A lot can change in three years. Back in 2013, when House of Cards launched, the very idea of a show streaming on Netflix, with all episodes erupting from the floodgates at once, seemed singularly odd. It’s hard to even get into that headspace in 2016. The service, for better or worse, has given its users a Pavlovian response to the consumption of its top-shelf programming: binge it soon, binge it fast, and get in on the conversation before it ends.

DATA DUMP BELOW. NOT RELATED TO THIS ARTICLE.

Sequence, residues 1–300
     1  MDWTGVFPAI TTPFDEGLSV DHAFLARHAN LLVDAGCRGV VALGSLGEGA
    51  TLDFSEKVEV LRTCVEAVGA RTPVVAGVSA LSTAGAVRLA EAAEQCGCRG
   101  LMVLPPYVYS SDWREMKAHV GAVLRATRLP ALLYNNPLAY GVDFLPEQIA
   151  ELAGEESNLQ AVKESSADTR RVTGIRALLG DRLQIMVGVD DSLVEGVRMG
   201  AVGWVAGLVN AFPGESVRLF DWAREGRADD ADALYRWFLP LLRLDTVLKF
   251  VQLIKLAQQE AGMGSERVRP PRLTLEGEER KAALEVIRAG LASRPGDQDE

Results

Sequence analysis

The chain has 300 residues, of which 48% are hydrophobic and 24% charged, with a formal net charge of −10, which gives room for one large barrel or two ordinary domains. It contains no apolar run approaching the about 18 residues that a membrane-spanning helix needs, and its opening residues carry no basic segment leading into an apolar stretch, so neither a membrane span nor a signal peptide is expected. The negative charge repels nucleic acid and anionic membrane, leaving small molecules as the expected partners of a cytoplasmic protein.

House of Cards is maybe the first actually great Netflix original series (sorry, Lilyhammer), the first to prove that a show didn’t have to be chintzy or overly soapy to get people to keep talking about it well past its debut. But, like Netflix’s effect on our TV culture, a lot has changed for House of Cards over three years, too.